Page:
If the insurance company redirects blame to a third party, like another driver or a vehicle manufacturer, further investigation and additional evidence may be necessary to determine fault for the crash. Your attorney will likely work with a team of investigators and experts to identify all causes that may have contributed to the accident before proceeding to negotiate with the insurance company.
The insurance company may also try to minimize the severity of your injuries or claim they didn’t arise from the accident. This is where getting immediate medical treatment and following up with your medical providers after a car accident comes in handy. Your Las Vegas car accident lawyer will be able to use your medical records and statements from your treating physicians to prove the severity of your injuries and track when they occurred. Your attorney may also bring in medical experts to testify on how the accident caused you to suffer these injuries.
Insurance companies employ claims investigators who are charged with verifying the validity of claims. They are known to monitor victims’ social media accounts for signs that victims are not really injured. Investigators sit outside victims’ homes, watching for victims to participate in activities that aren’t consistent with their injury claims. They may question neighbors, and even follow you to places you frequent, waiting for you to slip up.
Steps to Negotiate a Car Accident Settlement
These steps can help you negotiate a car accident settlement that is fair and appropriate.
- Estimate the Value of Your Car Accident Claim
Knowing how much to ask for in a car accident claim is essential. When determining the value of your claim, consider the losses you’ve experienced until now, and the losses you are likely to experience in the future. For example, if you will require additional surgeries or will be unable to return to work because of the car accident, include those losses in your claim.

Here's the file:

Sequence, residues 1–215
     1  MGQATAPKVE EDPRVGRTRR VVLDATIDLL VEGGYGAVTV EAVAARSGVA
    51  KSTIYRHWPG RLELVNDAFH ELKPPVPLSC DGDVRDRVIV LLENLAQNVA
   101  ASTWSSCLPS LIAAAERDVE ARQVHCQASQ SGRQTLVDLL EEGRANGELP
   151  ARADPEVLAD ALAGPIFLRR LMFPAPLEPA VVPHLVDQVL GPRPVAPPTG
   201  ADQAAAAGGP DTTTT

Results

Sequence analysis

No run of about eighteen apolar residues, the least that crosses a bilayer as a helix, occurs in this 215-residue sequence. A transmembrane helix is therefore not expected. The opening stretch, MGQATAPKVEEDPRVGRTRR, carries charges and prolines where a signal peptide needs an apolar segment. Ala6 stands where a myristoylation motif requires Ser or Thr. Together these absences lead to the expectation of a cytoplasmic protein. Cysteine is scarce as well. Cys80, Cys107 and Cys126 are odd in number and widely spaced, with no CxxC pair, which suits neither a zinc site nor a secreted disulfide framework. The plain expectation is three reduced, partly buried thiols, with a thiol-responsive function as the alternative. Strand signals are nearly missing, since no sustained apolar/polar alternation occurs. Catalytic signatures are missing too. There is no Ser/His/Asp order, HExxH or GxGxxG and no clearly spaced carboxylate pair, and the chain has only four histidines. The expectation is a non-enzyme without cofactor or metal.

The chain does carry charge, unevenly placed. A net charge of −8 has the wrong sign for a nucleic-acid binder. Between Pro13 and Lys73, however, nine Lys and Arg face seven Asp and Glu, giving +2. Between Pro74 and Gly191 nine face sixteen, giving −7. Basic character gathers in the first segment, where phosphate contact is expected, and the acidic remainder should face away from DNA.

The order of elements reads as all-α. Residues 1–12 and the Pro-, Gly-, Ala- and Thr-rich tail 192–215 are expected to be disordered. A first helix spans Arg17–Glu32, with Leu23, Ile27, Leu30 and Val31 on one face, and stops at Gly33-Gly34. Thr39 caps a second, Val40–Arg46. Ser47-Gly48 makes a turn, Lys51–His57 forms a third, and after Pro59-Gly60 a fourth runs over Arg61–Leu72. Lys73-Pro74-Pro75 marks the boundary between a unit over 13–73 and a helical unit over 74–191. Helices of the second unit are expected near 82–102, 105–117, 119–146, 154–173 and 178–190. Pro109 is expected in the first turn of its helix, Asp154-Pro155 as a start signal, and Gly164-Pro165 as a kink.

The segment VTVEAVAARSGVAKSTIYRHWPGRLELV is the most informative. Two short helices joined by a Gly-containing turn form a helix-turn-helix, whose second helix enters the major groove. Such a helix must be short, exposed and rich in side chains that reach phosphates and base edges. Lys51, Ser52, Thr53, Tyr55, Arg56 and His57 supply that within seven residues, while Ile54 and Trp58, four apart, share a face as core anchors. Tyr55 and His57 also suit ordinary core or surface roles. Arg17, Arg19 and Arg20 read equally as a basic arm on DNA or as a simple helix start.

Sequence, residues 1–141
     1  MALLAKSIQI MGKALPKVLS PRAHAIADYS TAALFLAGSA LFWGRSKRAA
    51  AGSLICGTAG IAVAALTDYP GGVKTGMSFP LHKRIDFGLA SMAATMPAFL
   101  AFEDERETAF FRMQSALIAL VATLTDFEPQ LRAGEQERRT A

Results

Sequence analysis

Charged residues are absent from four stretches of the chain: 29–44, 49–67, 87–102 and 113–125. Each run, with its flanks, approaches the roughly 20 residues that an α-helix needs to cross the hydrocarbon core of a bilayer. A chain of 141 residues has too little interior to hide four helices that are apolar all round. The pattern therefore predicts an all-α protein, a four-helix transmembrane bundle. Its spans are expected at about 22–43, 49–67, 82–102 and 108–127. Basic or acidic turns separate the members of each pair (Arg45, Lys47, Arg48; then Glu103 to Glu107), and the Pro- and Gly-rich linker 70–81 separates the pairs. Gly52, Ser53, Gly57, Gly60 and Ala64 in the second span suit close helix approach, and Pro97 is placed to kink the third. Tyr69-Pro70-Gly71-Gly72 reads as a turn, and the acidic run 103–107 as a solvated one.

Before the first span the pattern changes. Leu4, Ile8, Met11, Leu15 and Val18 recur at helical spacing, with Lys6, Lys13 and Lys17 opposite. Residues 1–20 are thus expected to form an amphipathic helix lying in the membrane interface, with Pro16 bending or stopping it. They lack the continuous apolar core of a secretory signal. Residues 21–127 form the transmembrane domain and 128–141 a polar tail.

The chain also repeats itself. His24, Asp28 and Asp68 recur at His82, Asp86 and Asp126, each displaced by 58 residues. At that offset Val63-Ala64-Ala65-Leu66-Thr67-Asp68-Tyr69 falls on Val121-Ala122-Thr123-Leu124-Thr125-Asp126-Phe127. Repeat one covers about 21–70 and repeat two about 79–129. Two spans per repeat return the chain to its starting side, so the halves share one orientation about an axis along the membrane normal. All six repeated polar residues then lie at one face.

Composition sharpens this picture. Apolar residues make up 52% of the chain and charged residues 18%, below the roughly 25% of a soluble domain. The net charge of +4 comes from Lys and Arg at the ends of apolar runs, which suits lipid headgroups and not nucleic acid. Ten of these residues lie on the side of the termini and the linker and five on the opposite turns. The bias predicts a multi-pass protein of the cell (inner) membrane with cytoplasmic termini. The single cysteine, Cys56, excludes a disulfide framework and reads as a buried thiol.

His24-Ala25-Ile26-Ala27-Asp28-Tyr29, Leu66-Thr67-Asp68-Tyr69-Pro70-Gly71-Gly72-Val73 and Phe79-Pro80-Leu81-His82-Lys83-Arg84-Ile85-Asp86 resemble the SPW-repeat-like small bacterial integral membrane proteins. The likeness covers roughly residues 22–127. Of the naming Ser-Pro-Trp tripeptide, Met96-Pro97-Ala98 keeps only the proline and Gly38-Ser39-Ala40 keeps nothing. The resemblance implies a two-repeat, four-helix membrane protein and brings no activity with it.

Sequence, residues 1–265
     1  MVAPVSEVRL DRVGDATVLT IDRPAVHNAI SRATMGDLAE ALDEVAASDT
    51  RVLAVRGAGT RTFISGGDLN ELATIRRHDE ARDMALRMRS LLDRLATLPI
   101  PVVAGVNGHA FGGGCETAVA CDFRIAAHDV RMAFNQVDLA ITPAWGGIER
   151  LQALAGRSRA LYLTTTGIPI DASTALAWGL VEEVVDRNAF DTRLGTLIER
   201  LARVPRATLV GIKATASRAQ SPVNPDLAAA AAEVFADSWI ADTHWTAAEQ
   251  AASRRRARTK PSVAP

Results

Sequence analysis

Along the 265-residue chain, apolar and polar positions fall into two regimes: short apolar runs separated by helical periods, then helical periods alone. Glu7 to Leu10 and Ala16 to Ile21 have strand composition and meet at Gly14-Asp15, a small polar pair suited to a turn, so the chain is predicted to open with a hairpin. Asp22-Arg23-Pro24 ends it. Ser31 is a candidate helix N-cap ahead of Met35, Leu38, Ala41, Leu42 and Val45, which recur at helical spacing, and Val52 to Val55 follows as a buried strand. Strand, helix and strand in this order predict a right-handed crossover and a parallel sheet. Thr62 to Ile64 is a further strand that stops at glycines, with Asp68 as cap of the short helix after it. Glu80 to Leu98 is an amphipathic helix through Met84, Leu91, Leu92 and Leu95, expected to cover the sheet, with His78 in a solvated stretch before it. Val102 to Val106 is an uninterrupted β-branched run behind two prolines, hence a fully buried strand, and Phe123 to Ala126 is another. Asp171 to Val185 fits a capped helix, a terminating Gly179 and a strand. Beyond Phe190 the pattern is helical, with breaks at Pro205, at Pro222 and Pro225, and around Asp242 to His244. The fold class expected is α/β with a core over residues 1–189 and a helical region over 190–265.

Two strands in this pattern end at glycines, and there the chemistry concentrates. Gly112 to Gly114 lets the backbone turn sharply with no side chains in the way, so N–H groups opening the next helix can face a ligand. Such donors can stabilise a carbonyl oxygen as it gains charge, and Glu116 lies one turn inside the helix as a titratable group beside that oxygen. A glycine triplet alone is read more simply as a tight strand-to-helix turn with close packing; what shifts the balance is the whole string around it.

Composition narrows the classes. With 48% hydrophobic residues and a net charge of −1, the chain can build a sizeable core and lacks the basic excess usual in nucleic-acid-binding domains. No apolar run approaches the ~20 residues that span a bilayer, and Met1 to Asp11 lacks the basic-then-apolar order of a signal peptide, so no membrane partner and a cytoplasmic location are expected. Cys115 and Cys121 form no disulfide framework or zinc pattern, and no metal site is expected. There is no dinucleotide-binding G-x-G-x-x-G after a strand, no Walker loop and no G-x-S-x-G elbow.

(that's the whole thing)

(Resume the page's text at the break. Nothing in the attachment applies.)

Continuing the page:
- Gather Evidence to Support Your Claim
You will need to include evidence of the accident and your injuries when you send the demand letter to the insurance company. Evidence like medical records, photos of the crash scene, and bills and receipts will be vital when you negotiate your car accident settlement. Lack of evidence can prevent you from recovering fair compensation for your losses.
- Initiate Your Personal Injury Claim as Soon as Possible After Your Car Accident
It’s a good idea to initiate your personal injury claim as soon as you can after your car accident. Submit a detailed demand letter that outlines the accident and how it happened, the injuries you sustained, and how those injuries impact your daily life and your ability to work. Tell the insurance company how much money you are demanding they pay to cover your economic and non-economic losses. Since most insurance companies will offer significantly less than what a claimant demands, be sure to ask for between 25% and 100% more than what you would agree to in a settlement. The law demands that the insurer respond to your demand letter, whether they pay or not. They must communicate with you, giving reasons to support their stand.
- Do Not Accept the First Settlement Offer from the Insurance Company
The insurance company is probably going to respond to your demand letter rather quickly. Unfortunately, their attempt to settle the claim quickly will likely be accompanied by a low settlement offer. Instead of accepting the first offer you receive, ask the insurance company to justify this smaller amount.
- Emphasize Your Losses
Do not send a counter offer. Instead, back up your initial demand with emphasis on your losses. If you are unable to return to work because of the accident, for instance, reiterate the impact your lost wages has had, and will have, on your family. Discuss how your injuries will prevent you from enjoying activities you once enjoyed. Talk about the pain and suffering you’ve been forced to endure.
- Know When to Hire a Personal Injury Attorney to Help You Negotiate a Car Accident Settlement
If the insurance company refuses to budge, it may be time to hire a personal injury attorney to help you negotiate a car accident settlement that is fair and appropriate.